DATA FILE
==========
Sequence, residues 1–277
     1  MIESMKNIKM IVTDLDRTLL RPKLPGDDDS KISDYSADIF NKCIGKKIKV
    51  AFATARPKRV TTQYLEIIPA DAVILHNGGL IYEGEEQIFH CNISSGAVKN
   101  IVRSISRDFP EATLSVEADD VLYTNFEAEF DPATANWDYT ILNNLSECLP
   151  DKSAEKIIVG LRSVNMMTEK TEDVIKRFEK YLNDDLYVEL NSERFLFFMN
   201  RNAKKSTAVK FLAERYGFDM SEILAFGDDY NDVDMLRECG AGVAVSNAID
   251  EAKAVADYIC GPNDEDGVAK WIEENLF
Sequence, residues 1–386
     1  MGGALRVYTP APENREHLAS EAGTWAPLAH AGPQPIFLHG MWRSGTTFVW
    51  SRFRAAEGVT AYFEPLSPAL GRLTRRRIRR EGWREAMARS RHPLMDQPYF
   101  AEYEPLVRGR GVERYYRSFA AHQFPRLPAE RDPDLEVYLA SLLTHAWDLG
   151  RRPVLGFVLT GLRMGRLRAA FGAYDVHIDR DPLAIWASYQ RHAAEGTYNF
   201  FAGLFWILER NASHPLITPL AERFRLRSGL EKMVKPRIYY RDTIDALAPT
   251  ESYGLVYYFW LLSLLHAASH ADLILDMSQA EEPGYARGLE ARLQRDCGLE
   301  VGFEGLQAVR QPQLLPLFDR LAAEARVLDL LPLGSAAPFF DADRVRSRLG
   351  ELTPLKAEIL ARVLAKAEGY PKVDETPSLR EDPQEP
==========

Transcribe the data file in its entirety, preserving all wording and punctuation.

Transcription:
Sequence, residues 1–277
     1  MIESMKNIKM IVTDLDRTLL RPKLPGDDDS KISDYSADIF NKCIGKKIKV
    51  AFATARPKRV TTQYLEIIPA DAVILHNGGL IYEGEEQIFH CNISSGAVKN
   101  IVRSISRDFP EATLSVEADD VLYTNFEAEF DPATANWDYT ILNNLSECLP
   151  DKSAEKIIVG LRSVNMMTEK TEDVIKRFEK YLNDDLYVEL NSERFLFFMN
   201  RNAKKSTAVK FLAERYGFDM SEILAFGDDY NDVDMLRECG AGVAVSNAID
   251  EAKAVADYIC GPNDEDGVAK WIEENLF
Sequence, residues 1–386
     1  MGGALRVYTP APENREHLAS EAGTWAPLAH AGPQPIFLHG MWRSGTTFVW
    51  SRFRAAEGVT AYFEPLSPAL GRLTRRRIRR EGWREAMARS RHPLMDQPYF
   101  AEYEPLVRGR GVERYYRSFA AHQFPRLPAE RDPDLEVYLA SLLTHAWDLG
   151  RRPVLGFVLT GLRMGRLRAA FGAYDVHIDR DPLAIWASYQ RHAAEGTYNF
   201  FAGLFWILER NASHPLITPL AERFRLRSGL EKMVKPRIYY RDTIDALAPT
   251  ESYGLVYYFW LLSLLHAASH ADLILDMSQA EEPGYARGLE ARLQRDCGLE
   301  VGFEGLQAVR QPQLLPLFDR LAAEARVLDL LPLGSAAPFF DADRVRSRLG
   351  ELTPLKAEIL ARVLAKAEGY PKVDETPSLR EDPQEP